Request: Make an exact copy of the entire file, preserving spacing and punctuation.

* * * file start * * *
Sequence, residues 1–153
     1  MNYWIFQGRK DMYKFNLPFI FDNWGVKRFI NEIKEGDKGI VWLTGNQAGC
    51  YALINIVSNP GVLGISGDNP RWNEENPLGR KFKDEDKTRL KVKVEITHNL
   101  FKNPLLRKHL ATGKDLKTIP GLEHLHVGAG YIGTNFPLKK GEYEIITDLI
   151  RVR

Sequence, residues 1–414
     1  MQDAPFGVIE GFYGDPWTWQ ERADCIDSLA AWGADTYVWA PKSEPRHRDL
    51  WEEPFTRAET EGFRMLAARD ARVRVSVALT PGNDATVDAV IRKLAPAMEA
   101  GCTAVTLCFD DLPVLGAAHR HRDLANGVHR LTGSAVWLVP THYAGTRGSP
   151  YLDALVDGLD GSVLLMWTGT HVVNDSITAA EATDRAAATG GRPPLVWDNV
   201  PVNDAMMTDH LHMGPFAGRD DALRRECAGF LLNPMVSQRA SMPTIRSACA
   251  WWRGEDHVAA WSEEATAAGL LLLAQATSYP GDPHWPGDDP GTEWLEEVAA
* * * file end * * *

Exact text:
Sequence, residues 1–153
     1  MNYWIFQGRK DMYKFNLPFI FDNWGVKRFI NEIKEGDKGI VWLTGNQAGC
    51  YALINIVSNP GVLGISGDNP RWNEENPLGR KFKDEDKTRL KVKVEITHNL
   101  FKNPLLRKHL ATGKDLKTIP GLEHLHVGAG YIGTNFPLKK GEYEIITDLI
   151  RVR

Sequence, residues 1–414
     1  MQDAPFGVIE GFYGDPWTWQ ERADCIDSLA AWGADTYVWA PKSEPRHRDL
    51  WEEPFTRAET EGFRMLAARD ARVRVSVALT PGNDATVDAV IRKLAPAMEA
   101  GCTAVTLCFD DLPVLGAAHR HRDLANGVHR LTGSAVWLVP THYAGTRGSP
   151  YLDALVDGLD GSVLLMWTGT HVVNDSITAA EATDRAAATG GRPPLVWDNV
   201  PVNDAMMTDH LHMGPFAGRD DALRRECAGF LLNPMVSQRA SMPTIRSACA
   251  WWRGEDHVAA WSEEATAAGL LLLAQATSYP GDPHWPGDDP GTEWLEEVAA